RF heating is an important constraint for this sequence. Wideband SSFP uses more RF pulses than conventional balanced SSFP for the same amount of readout time. To maintain SAR while using high a-values, the flip angle should be reduced, which may lead to suboptimal SNR or CNR. A possible solution is to use variable rate selective excitation (VERSE) (20) pulses to reduce SAR and permit the use of higher flip angles. If no data is collected during the short-TR, it may also be possible to design RF pulses that combine the −α and α (separated by TRs) into one composite pulse with lower total SAR than the two separate pulses.

Accelerating the approach to steady state will be important when combining this technique with any type of contrast preparation (e.g. fat saturation or inversion recovery). While a simple method is described in this manuscript, more accurate methods designed for conventional balanced SSFP (15, 21, 22) may be adapted for use with wideband SSFP. We speculate that magnitude transients during the approach to steady state will be shorter in wideband SSFP compared to conventional balanced SSFP because the magnitude of the steady-state magnetization is closer to Mo (see Fig. 2).

SSFP sequences, in general, are highly sensitive to unbalanced phase. For this reason, phase-encode pairing is used to minimize unbalanced phase caused by gradient distortions (23), and first-moment nulling is used when imaging in areas of flow (11). Although not fully explored at this time, wideband SSFP and alternating-TR SSFP in general may be more sensitive than conventional SSFP to unbalanced phase due to flow and gradient distortions.

The band-spacing and SNR efficiency of wideband SSFP are influenced by several parameters including the flip angle, a-value, TR, and tissue relaxation times. Optimal tradeoffs may be found experimentally, or by using Bloch simulation (see Fig. 6). When comparing wideband SSFP with conventional single-acquisition SSFP, wideband SSFP is expected to have longer scan-time, and a reduction in pass-band signal during TR, which in some cases will be offset by an increase in available readout duration and/or the use of the echo during TRs. When comparing wideband SSFP with multiple-acquisition SSFP using phase-cycling, wideband SSFP is expected to have shorter scan-time and lower SNR efficiency.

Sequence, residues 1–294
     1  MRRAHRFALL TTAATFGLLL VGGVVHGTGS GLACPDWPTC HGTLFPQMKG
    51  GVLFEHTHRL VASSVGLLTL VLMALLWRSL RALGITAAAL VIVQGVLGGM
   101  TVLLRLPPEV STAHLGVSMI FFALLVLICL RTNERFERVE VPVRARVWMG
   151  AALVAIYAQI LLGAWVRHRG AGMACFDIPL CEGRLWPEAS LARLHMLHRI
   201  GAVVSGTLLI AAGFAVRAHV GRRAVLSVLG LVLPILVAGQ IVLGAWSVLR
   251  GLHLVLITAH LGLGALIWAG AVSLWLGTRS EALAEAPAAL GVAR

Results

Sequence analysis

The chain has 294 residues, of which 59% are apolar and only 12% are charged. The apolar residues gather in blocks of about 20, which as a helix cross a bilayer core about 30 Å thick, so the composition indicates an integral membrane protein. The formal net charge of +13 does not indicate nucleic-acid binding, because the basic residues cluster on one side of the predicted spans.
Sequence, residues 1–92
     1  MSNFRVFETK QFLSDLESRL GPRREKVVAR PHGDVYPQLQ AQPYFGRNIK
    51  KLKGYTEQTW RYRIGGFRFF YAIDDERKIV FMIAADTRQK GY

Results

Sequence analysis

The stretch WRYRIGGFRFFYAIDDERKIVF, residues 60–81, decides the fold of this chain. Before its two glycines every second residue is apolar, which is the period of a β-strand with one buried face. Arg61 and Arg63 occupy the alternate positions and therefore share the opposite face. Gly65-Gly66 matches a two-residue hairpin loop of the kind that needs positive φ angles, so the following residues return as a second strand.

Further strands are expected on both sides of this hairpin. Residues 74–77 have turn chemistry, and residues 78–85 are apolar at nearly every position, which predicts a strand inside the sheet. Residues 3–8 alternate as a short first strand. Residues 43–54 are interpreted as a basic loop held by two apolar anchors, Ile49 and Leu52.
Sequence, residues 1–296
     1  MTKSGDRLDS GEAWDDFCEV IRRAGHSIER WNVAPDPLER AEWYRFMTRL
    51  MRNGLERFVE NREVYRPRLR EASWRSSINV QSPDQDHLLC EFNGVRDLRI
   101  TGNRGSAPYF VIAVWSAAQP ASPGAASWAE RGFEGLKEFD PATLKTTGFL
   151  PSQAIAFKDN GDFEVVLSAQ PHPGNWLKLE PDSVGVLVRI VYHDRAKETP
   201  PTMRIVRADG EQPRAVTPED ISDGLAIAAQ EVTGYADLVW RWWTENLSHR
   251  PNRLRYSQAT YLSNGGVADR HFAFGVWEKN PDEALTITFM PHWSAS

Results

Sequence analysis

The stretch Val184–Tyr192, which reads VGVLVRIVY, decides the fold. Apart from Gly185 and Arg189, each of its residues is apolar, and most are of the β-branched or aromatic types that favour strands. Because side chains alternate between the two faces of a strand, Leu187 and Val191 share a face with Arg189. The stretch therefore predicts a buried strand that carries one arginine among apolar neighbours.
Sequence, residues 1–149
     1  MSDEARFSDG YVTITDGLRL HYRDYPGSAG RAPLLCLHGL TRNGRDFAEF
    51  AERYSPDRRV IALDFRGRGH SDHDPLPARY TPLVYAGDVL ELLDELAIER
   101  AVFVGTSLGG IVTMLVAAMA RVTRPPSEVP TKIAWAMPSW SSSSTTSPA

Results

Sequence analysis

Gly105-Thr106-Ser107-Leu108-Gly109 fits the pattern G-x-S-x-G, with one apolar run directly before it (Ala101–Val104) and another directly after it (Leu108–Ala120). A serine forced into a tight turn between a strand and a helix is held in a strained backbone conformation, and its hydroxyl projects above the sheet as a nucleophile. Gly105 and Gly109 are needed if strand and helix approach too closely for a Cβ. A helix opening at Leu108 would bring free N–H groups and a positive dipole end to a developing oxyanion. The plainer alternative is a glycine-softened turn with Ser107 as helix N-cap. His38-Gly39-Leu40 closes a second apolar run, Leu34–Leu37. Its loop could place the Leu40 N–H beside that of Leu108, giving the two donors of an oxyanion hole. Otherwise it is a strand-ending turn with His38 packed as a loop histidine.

CONCLUSIONS

We have demonstrated a new technique, called wideband SSFP, that widens the band spacing in single-acquisition balanced SSFP imaging. Simulations indicate that wideband SSFP preserves high SNR efficiency and T2/T1 contrast. Phantom studies verified the expected band spacing increase in both available echoes. This technique has been successfully applied to the avoidance of banding artifacts in cine cardiac imaging and high-resolution knee imaging at 3T.

Wideband SSFP has a wide range of potential applications. Broadly stated, it enables the use of longer readout durations with a fixed band spacing (for improved spatial resolution and efficient k-space sampling), and enables an increase in the band spacing for a fixed TR (for the avoidance of banding artifacts). Wideband SSFP may be particularly useful for high-resolution balanced SSFP imaging at high-field strengths, due to the increased off-resonance and long required readout durations.

Acknowledgements

We thank Zungho Zun, Jon-Fredrik Nielsen, Garry Gold, and Gerald Pohost for discussions and collaboration. HLL has received the support of a USC Viterbi School of Engineering Graduate Fellowship.